Having been in healthcare publishing for over a quarter century now, I have been hearing literally for decades about the “coming” revolution in patient focus in healthcare. I’ve observed and reported on the “patient-centered care revolution” in the 1990s—which, unfortunately, devolved into rather small-bore efforts (well-intentioned, of course) to empower nurses. I’ve observed and reported on patient-centered medical homes, a very worthy model of care innovation that continues to evolve forward, albeit with needed tweaks. And I’ve observed and reported on healthcare futurists’ pronouncements—over literally 25-plus years now—about the coming age of the empowered healthcare consumer.
Yet all along, it has felt as though many in healthcare, both on the provider (hospital and medical group) and health insurer sides of the industry, there has been lingering, unspoken skepticism, even cynicism, about the extent to which things would fundamentally change going forward. Certainly until recently, provider executives and clinician leaders have carried on as though nothing was really going to change, even as everyone mouthed the same platitudes they’d been mouthing for decades now.
And yet, and yet—things actually are now changing. With the entire U.S. healthcare industry about to sail right over a cost cliff (viz., the Medicare actuaries’ predictions last fall that total U.S. healthcare spending would explode from about $3 trillion and change right now to over $5 trillion in the next decade, and as a result, a variety of mandates from the federal government, as expressed through the Affordable Care Act, the Medicare and Medicaid programs, and the HITECH Act (per automation), we as an industry no longer have the luxury to go on as though nothing is happening.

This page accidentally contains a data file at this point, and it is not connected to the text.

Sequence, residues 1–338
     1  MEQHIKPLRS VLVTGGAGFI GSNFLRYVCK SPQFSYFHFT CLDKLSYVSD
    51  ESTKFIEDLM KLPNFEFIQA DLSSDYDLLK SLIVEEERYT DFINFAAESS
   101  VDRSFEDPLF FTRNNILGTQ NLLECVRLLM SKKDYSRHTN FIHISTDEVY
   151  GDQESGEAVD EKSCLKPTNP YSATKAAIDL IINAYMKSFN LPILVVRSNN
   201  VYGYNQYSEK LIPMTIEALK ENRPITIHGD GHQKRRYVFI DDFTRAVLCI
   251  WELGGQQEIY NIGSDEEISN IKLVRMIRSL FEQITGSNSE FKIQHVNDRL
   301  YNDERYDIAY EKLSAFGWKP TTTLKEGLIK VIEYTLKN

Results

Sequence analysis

So it was immensely heartening and fascinating to report Monday morning on the results of the 26th Annual HIMSS Leadership survey, during the HIMSS Conference, being held at the McCormick Place Convention Center in Chicago. And that’s because this year’s HIMSS Leadership Survey found that healthcare IT senior executives’ top two business priorities, tied at 87 percent, were improving patient satisfaction and enhancing patient engagement.
What’s more, CMIOs and CIOs assembled on a panel at the HIMSS Leadership Survey press briefing this morning all confirmed that indeed, improving both patient satisfaction and patient engagement really are top of mind of them these days. As Paul Kleeberg, M.D., CMIO of the Bloomington, Minn.-based Stratis Health and clinical director for the Regional Extension Assistance Center for HIT (REACH), a REC serving Minnesota and North Dakota, put it, “I think what’s really driving that [survey result] is the Stage 2 requirements to get patients engaged and achieve 5 percent patient engagement according to that meaningful use measure, which I think is a good thing. It’s raising awareness,” he added.
And William W. Feaster, M.D., CMIO at CHOC Children’s Hospital, Orange, Calif., added, with regard to the connection between patient engagement and population health, that his organization is involved in a concerted push around both. “Our focus right now is really what this survey is saying,” he said. Importantly, he noted that "We’re not going to improve the health of populations unless we can engage patients. It’s a bit easier as a children’s hospital, because what parent isn’t engaged in the health of their child?” Nonetheless, he noted, patient engagement (which in his children's hospital's pediatric context often means parent engagement), is a concept that requires a complex set of strategies, tools, and processes to actually execute on in real life.
Broadly speaking, of course, the fact that the entire industry is being compelled forward into population health management and accountable care, while having to accept that many employer-purchasers are pushing many of their employees into high-deductible health plans, is a major factor in all this and something that simply cannot be denied.
Even so, it is heartening that at last, healthcare senior leaders’ perceptions of the world are changing as had long been predicted, and even more importantly, that CIOs, CMIOs, and other senior healthcare IT executives, along with their clinician leader and administrative executive colleagues, are actually beginning to change how they do business going forward. Because really, we’ve been hearing the patient engagement/patient satisfaction/engaged healthcare consumer speeches and predictions for quite a long time now. So this feels a bit like the flowering of a plant that has spent a tremendously long time growing roots underground before it finally emerged into the sunlight of day.